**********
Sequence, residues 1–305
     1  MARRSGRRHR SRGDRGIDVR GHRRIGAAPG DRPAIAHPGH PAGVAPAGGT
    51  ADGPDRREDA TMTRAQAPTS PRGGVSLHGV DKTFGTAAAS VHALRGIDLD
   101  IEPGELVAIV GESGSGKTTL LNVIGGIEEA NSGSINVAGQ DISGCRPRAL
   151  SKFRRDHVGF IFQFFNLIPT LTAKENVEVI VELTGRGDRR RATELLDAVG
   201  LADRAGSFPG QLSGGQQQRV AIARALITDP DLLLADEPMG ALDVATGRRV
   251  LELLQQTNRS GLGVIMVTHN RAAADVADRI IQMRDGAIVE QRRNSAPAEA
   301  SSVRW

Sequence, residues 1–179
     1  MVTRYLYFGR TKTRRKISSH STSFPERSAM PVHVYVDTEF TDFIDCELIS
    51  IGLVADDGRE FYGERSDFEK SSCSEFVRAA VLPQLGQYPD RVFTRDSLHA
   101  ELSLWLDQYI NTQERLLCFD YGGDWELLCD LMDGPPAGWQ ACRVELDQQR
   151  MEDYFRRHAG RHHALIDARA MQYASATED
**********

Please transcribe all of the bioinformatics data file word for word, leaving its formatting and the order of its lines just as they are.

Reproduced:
Sequence, residues 1–305
     1  MARRSGRRHR SRGDRGIDVR GHRRIGAAPG DRPAIAHPGH PAGVAPAGGT
    51  ADGPDRREDA TMTRAQAPTS PRGGVSLHGV DKTFGTAAAS VHALRGIDLD
   101  IEPGELVAIV GESGSGKTTL LNVIGGIEEA NSGSINVAGQ DISGCRPRAL
   151  SKFRRDHVGF IFQFFNLIPT LTAKENVEVI VELTGRGDRR RATELLDAVG
   201  LADRAGSFPG QLSGGQQQRV AIARALITDP DLLLADEPMG ALDVATGRRV
   251  LELLQQTNRS GLGVIMVTHN RAAADVADRI IQMRDGAIVE QRRNSAPAEA
   301  SSVRW

Sequence, residues 1–179
     1  MVTRYLYFGR TKTRRKISSH STSFPERSAM PVHVYVDTEF TDFIDCELIS
    51  IGLVADDGRE FYGERSDFEK SSCSEFVRAA VLPQLGQYPD RVFTRDSLHA
   101  ELSLWLDQYI NTQERLLCFD YGGDWELLCD LMDGPPAGWQ ACRVELDQQR
   151  MEDYFRRHAG RHHALIDARA MQYASATED